Les hommes ont oublié cette vérité. Mais tu ne dois pas l'oublier, dit le renard. Tu deviens responsable pour toujours de ce que tu as apprivoisé.
Le Petit Prince, chap. 21

Monday 22 September 2014

Tibble and the wren

One of the most frequently told stories about invasive species on islands or on the effect of cats on biodiversity is the tale of Tibble and Stephens Island Wren.

Extinct bird Xenicus lyalli (Xenicidae), male (lower) & female (upper).
From Buller, Walter Lawry, A History of the Birds of New Zealand.
Supplementary Notes to the 'Birds of New Zealand'. Vol. II.. 1905.
In a few words and following a common version, Tibble was the cat and only companion of the light-house keeper on Stephens Island and it's supposed to be the sole responsible of the extinction of the one flightless passerine, the local endemic Xenicus (Traversia) lyalli in 1894.
The story is easy to tell and remember: a villain, a victim and a moral (no hero, this time), but, in fact, as usual, reality is a bit more complex.

First, this is not the only known flightless passerine, but they were few of them, maybe just four (all of them extinct and all except one were New Zealand's wrens). This is the only that was still extant when known for science.

Second, the species was not endemic from Stephens Island, as the English name suggests, but relict to the island where it survives in recent times, although it is common in fossil deposits from both of the main islands before the arrival of maoris with kiores  (Worthy and Holdaway 1994).

Third, Lyall was not the light only human inhabitant of the island, neither the lighthouse keeper. He was the assistant and there were other people living there.

Fourth, and most important: how many "tibbles" where there? The first record of a single cat being responsible of the extinction is due, apparently, to Rothschild (1905). 
Image from
After Galbreath and Brown (2004), the Stephens Island wren Xenicus (Traversia) lyalli is widely quoted as having been discovered and promptly exterminated from its only locality, Stephens Island, New Zealand, by a single lighthouse keeper’s cat. Examination of archival and museum records indicates that this account is oversimplified, and throws more light on the roles of the lighthouse keeper David Lyall, the dealer Henry Travers, and the ornithologists Sir Walter Buller and Walter Rothschild. Cat predation probably was the main factor in the wren’s extinction, but not necessarily by a single cat: cats became established on Stephens Island in 1894, increased rapidly and exterminated several other species before they were eliminated. We are not sure if  "Tibble" was the name of any of them.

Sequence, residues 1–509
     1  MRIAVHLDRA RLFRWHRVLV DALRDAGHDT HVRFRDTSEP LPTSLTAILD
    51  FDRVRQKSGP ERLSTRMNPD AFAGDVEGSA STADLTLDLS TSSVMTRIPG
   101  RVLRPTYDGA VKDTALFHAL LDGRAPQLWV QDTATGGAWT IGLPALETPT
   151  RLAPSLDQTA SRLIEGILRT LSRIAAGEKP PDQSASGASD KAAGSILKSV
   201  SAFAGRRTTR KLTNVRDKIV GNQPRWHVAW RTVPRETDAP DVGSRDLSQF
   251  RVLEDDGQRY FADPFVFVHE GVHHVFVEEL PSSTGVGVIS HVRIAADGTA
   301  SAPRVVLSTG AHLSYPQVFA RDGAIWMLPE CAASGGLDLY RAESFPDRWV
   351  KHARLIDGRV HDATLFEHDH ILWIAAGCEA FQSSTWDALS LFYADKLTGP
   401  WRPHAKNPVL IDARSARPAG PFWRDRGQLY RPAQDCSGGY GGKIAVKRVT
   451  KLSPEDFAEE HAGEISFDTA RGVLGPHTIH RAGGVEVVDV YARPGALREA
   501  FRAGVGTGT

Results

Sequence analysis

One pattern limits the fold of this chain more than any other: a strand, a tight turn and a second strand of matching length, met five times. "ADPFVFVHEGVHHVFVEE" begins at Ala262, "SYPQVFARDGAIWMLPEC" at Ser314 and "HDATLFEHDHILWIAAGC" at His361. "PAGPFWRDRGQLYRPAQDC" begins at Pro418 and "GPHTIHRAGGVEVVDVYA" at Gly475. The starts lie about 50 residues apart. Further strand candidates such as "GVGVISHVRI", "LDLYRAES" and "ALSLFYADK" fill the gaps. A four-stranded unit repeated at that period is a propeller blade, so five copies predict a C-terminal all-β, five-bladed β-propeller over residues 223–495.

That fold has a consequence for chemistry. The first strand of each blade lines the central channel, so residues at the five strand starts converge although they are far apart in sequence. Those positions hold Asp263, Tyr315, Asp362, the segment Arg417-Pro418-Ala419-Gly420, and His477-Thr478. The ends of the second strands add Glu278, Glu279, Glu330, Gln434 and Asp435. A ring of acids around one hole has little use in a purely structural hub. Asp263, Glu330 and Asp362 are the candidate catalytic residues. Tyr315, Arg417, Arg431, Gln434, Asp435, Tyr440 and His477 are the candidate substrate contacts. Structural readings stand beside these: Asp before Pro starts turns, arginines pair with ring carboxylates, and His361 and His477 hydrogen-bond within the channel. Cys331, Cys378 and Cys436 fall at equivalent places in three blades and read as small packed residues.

Fifth, the species didn't disappeared in 1884. following the same authors, extinction of the wren was more extended than generally stated: 10 specimens were evidently brought in by a cat in 1894, but another two-four were obtained in 1895, and two-three more after that and possibly as late as 1899. Fifteen of these specimens are still held in museums. 

Last, but not least, the simplified story forgets some other victims because cats were responsible for several more extinctions on Stephens island. Medway (2004) explains how Stephens Island provides the classic example in the New Zealand region of the effect that predation by feral cats (Felis catus) can have on an island land bird fauna. Twenty-five species of native New Zealand land birds were recorded on the island in the early 1890s when it was still forested and free of mammalian predators. It is probable that Stephens Island still had its original land bird fauna at that time. The land bird species included large populations of the extinct Stephens Island piopio (Turnagra capensis minor), and the endangered South Island saddleback (Philesturnus c. carunculatus).
Cats were introduced to Stephens Island probably in 1894. They soon became feral and multiplied rapidly. The evidence indicates that cats were responsible for the rapid demise of the native land bird fauna of the island.


Sunday 21 September 2014

Discovering geographic information for exploratory spatial analysis of stray cats

Aguilar, G. D., & Farnworth, M. J. (2012). Stray cats in Auckland, New Zealand: Discovering geographic information for exploratory spatial analysis. Applied Geography, 34, 230-238.